Respect denotes both a positive feeling of esteem for a person or other entity (such as a nation or a religion), and also specific actions and conduct representative of that esteem. Respect can be a specific feeling of regard for the actual qualities of the one respected (e.g., "I have great respect for her judgment").
- We claim no respectability. There's no status I would not surrender for a joke. So we don't have to defend anything.
- Stephen Colbert Rolling Stone interview (31 October 2006)
- Many of us saw religion as harmless nonsense. Beliefs might lack all supporting evidence but, we thought, if people needed a crutch for consolation, where's the harm? September 11th changed all that. Revealed faith is not harmless nonsense, it can be lethally dangerous nonsense. Dangerous because it gives people unshakeable confidence in their own righteousness. Dangerous because it gives them false courage to kill themselves, which automatically removes normal barriers to killing others. Dangerous because it teaches enmity to others labelled only by a difference of inherited tradition. And dangerous because we have all bought into a weird respect, which uniquely protects religion from normal criticism. Let's now stop being so damned respectful!
- Richard Dawkins Has the world changed?, The Guardian (October 11, 2001)
- If you want to be respected by others the great thing is to respect yourself. Only by that, only by self-respect will you compel others to respect you.
- Unthinking respect for authority is the greatest enemy of truth.
- My political ideal is democracy. Let every man be respected as an individual and no man idolized.
- Albert Einstein, Mein Weltbild (My World-View) (1931).
- To further the appreciation of culture among all the people, to increase respect for the creative individual, to widen participation by all the processes and fulfillments of art—this is one of the fascinating challenges of these days.
- John F. Kennedy, “The Arts in America,” Look (December 18, 1962), p. 110.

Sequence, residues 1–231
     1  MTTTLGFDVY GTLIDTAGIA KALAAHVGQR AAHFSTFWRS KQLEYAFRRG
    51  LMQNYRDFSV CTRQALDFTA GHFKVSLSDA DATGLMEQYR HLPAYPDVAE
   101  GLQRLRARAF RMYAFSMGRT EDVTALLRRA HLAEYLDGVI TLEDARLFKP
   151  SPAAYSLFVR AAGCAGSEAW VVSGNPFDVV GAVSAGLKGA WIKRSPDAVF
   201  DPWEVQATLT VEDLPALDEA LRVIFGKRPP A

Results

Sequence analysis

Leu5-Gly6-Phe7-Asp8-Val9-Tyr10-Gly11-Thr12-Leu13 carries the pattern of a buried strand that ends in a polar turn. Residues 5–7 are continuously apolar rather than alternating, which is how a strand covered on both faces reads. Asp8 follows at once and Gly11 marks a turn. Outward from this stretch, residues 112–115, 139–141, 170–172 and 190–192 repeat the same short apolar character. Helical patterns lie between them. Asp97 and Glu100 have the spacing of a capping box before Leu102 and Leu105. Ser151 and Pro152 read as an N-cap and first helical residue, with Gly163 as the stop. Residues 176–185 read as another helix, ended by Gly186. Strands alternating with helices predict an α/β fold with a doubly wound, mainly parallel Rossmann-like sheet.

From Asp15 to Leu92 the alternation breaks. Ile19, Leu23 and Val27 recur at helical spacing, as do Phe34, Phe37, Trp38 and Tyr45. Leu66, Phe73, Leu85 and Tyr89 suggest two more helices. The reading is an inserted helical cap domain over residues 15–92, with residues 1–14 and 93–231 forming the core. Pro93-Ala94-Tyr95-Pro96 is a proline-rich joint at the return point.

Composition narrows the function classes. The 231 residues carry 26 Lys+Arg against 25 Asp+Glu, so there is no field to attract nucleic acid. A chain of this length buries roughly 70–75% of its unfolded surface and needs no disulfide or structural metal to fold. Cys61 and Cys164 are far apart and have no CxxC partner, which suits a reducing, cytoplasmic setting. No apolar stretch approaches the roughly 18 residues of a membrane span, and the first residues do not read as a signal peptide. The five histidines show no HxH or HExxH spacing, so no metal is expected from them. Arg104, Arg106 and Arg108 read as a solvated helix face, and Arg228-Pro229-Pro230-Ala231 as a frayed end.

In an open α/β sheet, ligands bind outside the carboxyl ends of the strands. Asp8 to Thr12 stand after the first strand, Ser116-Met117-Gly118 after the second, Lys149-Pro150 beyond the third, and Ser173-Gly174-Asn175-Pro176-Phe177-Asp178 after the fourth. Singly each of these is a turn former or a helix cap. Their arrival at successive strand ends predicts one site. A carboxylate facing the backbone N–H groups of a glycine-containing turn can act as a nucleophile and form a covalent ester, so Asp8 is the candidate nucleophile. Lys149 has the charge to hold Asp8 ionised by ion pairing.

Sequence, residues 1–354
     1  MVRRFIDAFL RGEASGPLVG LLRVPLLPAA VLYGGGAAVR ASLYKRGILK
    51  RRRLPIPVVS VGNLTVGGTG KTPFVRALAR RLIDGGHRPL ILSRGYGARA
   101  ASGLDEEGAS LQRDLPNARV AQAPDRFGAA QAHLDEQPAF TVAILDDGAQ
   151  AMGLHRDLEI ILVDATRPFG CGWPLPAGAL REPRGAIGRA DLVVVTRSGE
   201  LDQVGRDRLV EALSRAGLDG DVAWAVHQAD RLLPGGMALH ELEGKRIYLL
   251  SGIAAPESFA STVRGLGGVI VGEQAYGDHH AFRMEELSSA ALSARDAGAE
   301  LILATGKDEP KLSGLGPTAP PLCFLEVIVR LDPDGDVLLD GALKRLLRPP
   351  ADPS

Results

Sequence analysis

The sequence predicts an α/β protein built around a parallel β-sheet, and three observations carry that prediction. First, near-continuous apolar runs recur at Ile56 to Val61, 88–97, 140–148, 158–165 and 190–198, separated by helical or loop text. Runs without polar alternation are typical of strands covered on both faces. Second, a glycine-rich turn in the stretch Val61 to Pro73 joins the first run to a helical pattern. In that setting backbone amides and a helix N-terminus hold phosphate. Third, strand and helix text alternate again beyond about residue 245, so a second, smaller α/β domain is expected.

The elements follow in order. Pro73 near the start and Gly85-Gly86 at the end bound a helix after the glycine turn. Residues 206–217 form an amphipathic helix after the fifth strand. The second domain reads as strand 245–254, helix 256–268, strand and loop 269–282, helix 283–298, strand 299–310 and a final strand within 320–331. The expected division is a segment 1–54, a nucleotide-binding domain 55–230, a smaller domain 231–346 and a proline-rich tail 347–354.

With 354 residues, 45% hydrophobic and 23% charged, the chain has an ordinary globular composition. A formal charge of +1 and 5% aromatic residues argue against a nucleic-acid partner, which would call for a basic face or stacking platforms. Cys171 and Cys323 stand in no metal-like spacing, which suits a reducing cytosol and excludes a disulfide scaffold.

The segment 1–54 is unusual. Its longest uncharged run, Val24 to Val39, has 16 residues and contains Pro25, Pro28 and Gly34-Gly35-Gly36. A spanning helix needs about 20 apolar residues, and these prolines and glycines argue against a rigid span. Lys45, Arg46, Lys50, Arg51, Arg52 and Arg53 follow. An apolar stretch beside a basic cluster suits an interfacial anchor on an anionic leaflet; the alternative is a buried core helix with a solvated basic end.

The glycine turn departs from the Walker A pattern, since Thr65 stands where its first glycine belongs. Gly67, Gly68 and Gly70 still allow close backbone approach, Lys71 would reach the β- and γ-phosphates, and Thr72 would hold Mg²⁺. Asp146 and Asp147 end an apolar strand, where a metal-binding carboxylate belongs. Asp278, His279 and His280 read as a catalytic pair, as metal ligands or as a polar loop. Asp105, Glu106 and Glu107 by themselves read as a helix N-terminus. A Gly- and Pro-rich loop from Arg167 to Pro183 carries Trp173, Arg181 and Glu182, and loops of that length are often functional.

- Achte dich selbst, wenn du willst, dass andere dich achten sollen!
- Translation: Respect yourself, if you want others to respect you.
- Adolf Freiherr Knigge, from Über den Umgang mit Menschen.
- Entre los Individuos, como entre Las Naciones, El respeto al derecho ajeno es la paz.
- Translation: Among individuals, as among nations, respect for the rights of others is peace.
- Benito Juárez, Statement of Juárez inscribed as a Motto on the State Flag of Oaxaca, of which he was Governor from 1847 to 1853.
- Variant translations: Among individuals as among nations, when there is respect, there is peace. Respect for the rights of others means peace.
- Respect is the foundation of a stable way of life and the basis of a code of conduct.
- Dame Vera Lynn, English singer, variety performer. Ch. 7, Sincerely Yours, Some Sunny Day (2009), p. 161.
- Self-respect without the respect of others is like a jewel which will not stand the daylight.
- In terms of earthly life as you understand it, it is overly optimistic to imagine that eventually all illnesses will be conquered, all relationships be inevitably fulfilling, or to foresee a future in which all people on earth are treated with equality and respect.
- Jane Roberts, in The Way Toward Health, Chapter 9.
- Every human being, of whatever origin, of whatever station, deserves respect. We must each respect others even as we respect ourselves. This, as the sages of many lands have taught us, is a golden rule in individual and group, as well as international, relations.
- U Thant, Portfolio for Peace (1968), p. 92.
- The combination of these two facts — the longing in the depth of the heart for absolute good, and the power, though only latent, of directing attention and love to a reality beyond the world and of receiving good from it — constitutes a link which attaches every man without exception to that other reality.
Whoever recognizes that reality recognizes also that link. Because of it, he holds every human being without any exception as something sacred to which he is bound to show respect.
- Simone Weil, Draft for a Statement of Human Obligation (1943).